[Show abstract][Hide abstract] ABSTRACT: The role of DNA sequence in determining chromatin state is incompletely understood. We have previously demonstrated that large chromosomal segments from human cells recapitulate their native chromatin state in mouse cells, but the relative contribution of local sequences versus their genomic context remains unknown. In this study, we compare orthologous chromosomal regions for which the human locus establishes prominent sites of Polycomb complex recruitment in pluripotent stem cells, whereas the corresponding mouse locus does not. Using recombination-mediated cassette exchange at the mouse locus, we establish the primacy of local sequences in the encoding of chromatin state. We show that the signal for chromatin bivalency is redundantly encoded across a bivalent domain and that this reflects competition between Polycomb complex recruitment and transcriptional activation. Furthermore, our results suggest that a high density of unmethylated CpG dinucleotides is sufficient for vertebrate Polycomb recruitment. This model is supported by analysis of DNA methyltransferase-deficient embryonic stem cells.
The EMBO Journal 11/2011; 31(2):317-29. · 9.82 Impact Factor
[Show abstract][Hide abstract] ABSTRACT: A major barrier to research on Parkinson's disease is inaccessibility of diseased tissue for study. One solution is to derive induced pluripotent stem cells from patients and differentiate them into neurons affected by disease. Triplication of SNCA, encoding α-synuclein, causes a fully penetrant, aggressive form of Parkinson's disease with dementia. α-Synuclein dysfunction is the critical pathogenic event in Parkinson's disease, multiple system atrophy and dementia with Lewy bodies. Here we produce multiple induced pluripotent stem cell lines from an SNCA triplication patient and an unaffected first-degree relative. When these cells are differentiated into midbrain dopaminergic neurons, those from the patient produce double the amount of α-synuclein protein as neurons from the unaffected relative, precisely recapitulating the cause of Parkinson's disease in these individuals. This model represents a new experimental system to identify compounds that reduce levels of α-synuclein, and to investigate the mechanistic basis of neurodegeneration caused by α-synuclein dysfunction.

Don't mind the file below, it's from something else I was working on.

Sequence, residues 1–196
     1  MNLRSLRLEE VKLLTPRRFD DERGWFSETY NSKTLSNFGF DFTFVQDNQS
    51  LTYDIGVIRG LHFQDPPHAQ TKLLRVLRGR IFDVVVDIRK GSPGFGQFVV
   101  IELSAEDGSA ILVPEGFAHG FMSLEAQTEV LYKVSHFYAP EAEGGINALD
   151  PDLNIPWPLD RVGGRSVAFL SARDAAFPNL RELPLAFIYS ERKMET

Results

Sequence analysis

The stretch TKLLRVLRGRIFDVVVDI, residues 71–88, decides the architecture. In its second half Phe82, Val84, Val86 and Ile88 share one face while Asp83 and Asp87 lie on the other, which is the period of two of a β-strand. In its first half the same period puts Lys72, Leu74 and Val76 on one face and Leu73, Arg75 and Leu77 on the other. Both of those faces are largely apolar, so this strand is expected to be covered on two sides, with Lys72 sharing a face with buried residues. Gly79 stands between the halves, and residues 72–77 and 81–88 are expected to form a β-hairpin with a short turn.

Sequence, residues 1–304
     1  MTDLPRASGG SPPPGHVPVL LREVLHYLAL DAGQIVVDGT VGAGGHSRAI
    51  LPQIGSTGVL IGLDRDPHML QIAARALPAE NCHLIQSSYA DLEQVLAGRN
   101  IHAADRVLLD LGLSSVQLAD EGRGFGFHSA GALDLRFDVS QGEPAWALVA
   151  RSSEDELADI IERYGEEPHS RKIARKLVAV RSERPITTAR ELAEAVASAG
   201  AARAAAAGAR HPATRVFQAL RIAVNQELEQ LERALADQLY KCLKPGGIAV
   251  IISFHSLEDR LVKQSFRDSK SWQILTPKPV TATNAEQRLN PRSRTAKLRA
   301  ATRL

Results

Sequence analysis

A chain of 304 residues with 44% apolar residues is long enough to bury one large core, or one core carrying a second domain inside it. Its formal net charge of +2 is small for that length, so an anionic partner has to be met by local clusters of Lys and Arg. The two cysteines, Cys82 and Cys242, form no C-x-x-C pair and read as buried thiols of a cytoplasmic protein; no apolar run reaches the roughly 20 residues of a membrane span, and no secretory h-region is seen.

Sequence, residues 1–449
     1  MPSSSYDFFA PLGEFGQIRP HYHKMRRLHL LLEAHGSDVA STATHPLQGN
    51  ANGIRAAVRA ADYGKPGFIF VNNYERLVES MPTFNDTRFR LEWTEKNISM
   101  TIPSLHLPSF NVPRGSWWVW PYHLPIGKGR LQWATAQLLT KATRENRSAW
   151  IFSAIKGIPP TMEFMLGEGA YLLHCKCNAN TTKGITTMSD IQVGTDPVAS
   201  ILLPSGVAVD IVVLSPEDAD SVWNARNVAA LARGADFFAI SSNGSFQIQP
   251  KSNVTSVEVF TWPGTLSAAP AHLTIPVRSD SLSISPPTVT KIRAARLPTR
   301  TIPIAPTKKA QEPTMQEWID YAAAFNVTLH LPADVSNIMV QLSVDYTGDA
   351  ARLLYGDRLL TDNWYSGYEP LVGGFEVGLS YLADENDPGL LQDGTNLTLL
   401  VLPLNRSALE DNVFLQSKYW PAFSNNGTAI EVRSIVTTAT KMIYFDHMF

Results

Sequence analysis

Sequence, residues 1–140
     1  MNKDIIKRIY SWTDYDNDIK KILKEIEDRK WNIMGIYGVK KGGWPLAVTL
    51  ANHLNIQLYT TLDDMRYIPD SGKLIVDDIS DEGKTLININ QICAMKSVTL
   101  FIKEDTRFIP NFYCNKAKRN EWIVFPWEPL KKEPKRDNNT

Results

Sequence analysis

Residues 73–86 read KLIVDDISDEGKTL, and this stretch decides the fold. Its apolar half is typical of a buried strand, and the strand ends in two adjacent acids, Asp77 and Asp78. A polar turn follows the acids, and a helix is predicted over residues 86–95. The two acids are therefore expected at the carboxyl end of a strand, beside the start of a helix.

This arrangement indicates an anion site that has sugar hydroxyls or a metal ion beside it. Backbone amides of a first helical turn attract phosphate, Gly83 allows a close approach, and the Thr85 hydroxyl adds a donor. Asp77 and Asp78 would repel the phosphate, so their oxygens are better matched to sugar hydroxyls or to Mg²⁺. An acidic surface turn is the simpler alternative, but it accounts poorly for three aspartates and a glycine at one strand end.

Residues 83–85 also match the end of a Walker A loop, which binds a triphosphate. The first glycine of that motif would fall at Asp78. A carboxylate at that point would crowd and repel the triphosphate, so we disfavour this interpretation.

[Show abstract][Hide abstract] ABSTRACT: The rat is the preferred experimental animal in many biological studies. With the recent derivation of authentic rat embryonic stem (ES) cells it is now feasible to apply state-of-the art genetic engineering in this species using homologous recombination. To establish whether rat ES cells are amenable to in vivo recombination, we tested targeted disruption of the hypoxanthine phosphoribosyltransferase (hprt) locus in ES cells derived from both inbred and outbred strains of rats. Targeting vectors that replace exons 7 and 8 of the hprt gene with neomycinR/thymidine kinase selection cassettes were electroporated into male Fisher F344 and Sprague Dawley rat ES cells. Approximately 2% of the G418 resistant colonies also tolerated selection with 6-thioguanine, indicating inactivation of the hprt gene. PCR and Southern blot analysis confirmed correct site-specific targeting of the hprt locus in these clones. Embryoid body and monolayer differentiation of targeted cell lines established that they retained differentiation potential following targeting and selection. This report demonstrates that gene modification via homologous recombination in rat ES cells is efficient, and should facilitate implementation of targeted, genetic manipulation in the rat.
PLoS ONE 01/2010; 5(12):e14225. · 3.73 Impact Factor